for a non-negative integer m.
For and , the generalized Neumann kernel is defined by
Since () is harmonic in H (see ), is also harmonic in H for any fixed . Also, will be of order as (see [, Theorem D]).
where f is a continuous function on ∂H. Here, note that is nothing but the Neumann integral .
The following result is due to Siegel and Talvila (see [, Corollary 2.1]). For similar results with respect to the Schrödinger operator in a half-space, we refer readers to papers by Su (see ).
Theorem A If f is a continuous function on ∂H satisfying (1.1) with and , then
The next result deals with a type of uniqueness of solutions for the Neumann problem on H (see [, Theorem 3]).
Theorem B Let l be a positive integer and m be a non-negative integer. If f is a continuous function on ∂H satisfying
and h is a solution of the Neumann problem on H with f such that
for any , where is the positive part of h,
and is a polynomial of of degree less than .
Our first aim is to be concerned with the growth property of at infinity and establish the following theorem.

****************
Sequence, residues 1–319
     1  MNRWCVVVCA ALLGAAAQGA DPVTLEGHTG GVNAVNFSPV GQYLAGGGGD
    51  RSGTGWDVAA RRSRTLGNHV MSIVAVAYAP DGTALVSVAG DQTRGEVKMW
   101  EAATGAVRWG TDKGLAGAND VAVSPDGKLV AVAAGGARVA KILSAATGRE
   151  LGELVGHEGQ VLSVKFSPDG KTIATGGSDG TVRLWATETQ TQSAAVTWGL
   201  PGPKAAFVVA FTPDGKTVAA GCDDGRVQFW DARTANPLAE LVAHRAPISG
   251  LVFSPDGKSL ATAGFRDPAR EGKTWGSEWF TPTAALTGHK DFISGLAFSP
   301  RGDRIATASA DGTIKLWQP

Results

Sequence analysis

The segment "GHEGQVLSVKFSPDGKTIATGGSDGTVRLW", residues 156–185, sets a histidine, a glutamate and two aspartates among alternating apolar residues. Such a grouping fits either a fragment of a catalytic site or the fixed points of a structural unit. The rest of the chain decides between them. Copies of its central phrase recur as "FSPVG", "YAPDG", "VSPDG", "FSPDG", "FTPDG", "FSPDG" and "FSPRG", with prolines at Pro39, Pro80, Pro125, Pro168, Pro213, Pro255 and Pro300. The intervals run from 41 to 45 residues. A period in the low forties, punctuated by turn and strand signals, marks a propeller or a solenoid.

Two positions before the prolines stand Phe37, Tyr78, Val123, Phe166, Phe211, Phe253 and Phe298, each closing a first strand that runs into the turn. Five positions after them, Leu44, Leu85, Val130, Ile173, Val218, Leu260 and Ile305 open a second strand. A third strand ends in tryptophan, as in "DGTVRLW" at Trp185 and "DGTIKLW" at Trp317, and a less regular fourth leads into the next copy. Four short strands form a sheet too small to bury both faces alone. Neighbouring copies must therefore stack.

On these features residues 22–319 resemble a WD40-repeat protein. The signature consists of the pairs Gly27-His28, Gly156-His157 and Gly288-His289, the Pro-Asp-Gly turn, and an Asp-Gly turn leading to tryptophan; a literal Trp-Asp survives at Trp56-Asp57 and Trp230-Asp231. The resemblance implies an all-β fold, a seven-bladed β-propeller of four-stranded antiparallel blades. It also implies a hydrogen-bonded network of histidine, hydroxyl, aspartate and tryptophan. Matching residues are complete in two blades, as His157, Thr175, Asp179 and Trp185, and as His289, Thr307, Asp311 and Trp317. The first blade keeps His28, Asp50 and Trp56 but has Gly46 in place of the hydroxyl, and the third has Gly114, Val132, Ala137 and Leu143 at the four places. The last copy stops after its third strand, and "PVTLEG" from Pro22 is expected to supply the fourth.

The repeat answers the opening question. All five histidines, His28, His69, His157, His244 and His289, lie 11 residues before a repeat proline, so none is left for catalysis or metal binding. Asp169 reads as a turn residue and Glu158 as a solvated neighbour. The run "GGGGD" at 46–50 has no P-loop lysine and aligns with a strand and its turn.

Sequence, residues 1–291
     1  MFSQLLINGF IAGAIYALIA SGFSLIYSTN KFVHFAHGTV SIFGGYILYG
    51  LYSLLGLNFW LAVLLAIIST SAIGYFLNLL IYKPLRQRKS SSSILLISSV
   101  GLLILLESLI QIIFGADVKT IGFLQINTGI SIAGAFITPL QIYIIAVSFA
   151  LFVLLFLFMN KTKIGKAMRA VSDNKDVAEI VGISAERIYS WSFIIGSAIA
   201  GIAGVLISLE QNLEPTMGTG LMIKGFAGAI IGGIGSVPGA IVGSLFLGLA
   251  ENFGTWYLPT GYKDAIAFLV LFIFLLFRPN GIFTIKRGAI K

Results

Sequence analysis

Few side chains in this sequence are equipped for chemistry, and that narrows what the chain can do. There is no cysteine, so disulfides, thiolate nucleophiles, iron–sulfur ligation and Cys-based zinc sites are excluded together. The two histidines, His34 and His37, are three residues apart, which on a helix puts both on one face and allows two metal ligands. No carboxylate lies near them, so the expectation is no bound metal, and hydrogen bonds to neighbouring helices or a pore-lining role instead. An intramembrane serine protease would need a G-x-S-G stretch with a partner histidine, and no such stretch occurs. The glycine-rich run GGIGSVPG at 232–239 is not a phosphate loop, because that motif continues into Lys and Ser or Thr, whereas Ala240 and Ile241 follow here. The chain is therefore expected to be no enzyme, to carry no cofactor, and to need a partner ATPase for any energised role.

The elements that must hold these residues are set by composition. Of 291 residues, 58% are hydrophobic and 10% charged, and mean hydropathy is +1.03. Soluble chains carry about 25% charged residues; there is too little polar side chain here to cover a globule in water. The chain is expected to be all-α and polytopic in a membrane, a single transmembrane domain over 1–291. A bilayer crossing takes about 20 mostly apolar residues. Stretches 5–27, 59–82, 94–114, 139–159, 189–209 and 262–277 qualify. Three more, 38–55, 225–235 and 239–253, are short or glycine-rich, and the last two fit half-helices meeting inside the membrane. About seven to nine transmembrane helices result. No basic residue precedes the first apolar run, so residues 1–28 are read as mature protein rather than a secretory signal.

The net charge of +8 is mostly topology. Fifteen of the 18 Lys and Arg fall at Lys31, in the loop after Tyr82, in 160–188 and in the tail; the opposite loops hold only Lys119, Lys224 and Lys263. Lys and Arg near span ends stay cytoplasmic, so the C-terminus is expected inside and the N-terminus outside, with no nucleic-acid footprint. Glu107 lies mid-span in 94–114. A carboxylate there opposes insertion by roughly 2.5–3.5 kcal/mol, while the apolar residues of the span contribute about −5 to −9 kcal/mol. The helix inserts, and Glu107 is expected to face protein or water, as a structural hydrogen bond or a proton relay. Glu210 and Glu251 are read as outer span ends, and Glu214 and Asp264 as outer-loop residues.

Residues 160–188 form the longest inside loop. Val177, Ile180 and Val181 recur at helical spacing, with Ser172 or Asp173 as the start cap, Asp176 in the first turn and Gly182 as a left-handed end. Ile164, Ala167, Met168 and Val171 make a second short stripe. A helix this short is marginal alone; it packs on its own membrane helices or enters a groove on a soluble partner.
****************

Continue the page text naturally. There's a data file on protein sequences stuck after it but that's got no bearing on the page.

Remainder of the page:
Theorem 1 Let , , and
If f is a measurable function on ∂ satisfying (1.1), then there exists a covering of (⊂H) satisfying
Corollary 1 Let , and
If f is a measurable function on ∂H satisfying (1.1), then
As an application of Theorem 1, we now show the solution of the Neumann problem with continuous data on H.
Theorem 2 Let p, β, α and m be defined as in Theorem 1. If f is a continuous function on ∂H satisfying (1.1), then the function is a solution of the Neumann problem on H with f and (1.4) holds, where the exceptional set (⊂H) has a covering satisfying (1.3).
Remark In the case , and , then (1.3) is a finite sum and the set is a bounded set. So (1.4) holds in H. That is to say, (1.2) holds. This is just the result of Theorem A.
Corollary 2 Let , and
If f is a continuous function on ∂H satisfying (1.1), then the function is a solution of the Neumann problem on H with f and (1.5) holds.
The following result extends Theorem B, which is our result in the case and .
Theorem 3 Let , , l be a positive integer and
If f is a continuous function on ∂H satisfying (1.1) and h is a solution of the Neumann problem on H with f such that
for any and is a polynomial of of degree less than .
In our discussions, the following estimates for the kernel function are fundamental (see [, Lemma 4.2] and [, Lemmas 2.1 and 2.4]).
If , then .
If , then .
If , then .
If and , then .
The following lemma is due to Qiao (see ).
Lemma 2 If , and λ is a positive measure in satisfying , then has a covering () such that